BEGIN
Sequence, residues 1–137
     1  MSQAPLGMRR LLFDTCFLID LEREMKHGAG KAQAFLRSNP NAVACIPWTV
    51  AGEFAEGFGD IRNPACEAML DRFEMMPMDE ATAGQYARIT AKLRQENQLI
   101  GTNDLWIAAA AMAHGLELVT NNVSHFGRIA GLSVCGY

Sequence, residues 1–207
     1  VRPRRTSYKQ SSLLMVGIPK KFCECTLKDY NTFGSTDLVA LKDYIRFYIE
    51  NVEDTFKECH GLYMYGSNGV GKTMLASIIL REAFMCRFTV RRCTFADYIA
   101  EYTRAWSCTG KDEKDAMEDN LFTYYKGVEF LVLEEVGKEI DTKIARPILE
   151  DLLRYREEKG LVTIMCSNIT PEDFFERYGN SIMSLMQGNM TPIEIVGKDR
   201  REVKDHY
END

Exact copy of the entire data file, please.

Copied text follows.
Sequence, residues 1–137
     1  MSQAPLGMRR LLFDTCFLID LEREMKHGAG KAQAFLRSNP NAVACIPWTV
    51  AGEFAEGFGD IRNPACEAML DRFEMMPMDE ATAGQYARIT AKLRQENQLI
   101  GTNDLWIAAA AMAHGLELVT NNVSHFGRIA GLSVCGY

Sequence, residues 1–207
     1  VRPRRTSYKQ SSLLMVGIPK KFCECTLKDY NTFGSTDLVA LKDYIRFYIE
    51  NVEDTFKECH GLYMYGSNGV GKTMLASIIL REAFMCRFTV RRCTFADYIA
   101  EYTRAWSCTG KDEKDAMEDN LFTYYKGVEF LVLEEVGKEI DTKIARPILE
   151  DLLRYREEKG LVTIMCSNIT PEDFFERYGN SIMSLMQGNM TPIEIVGKDR
   201  REVKDHY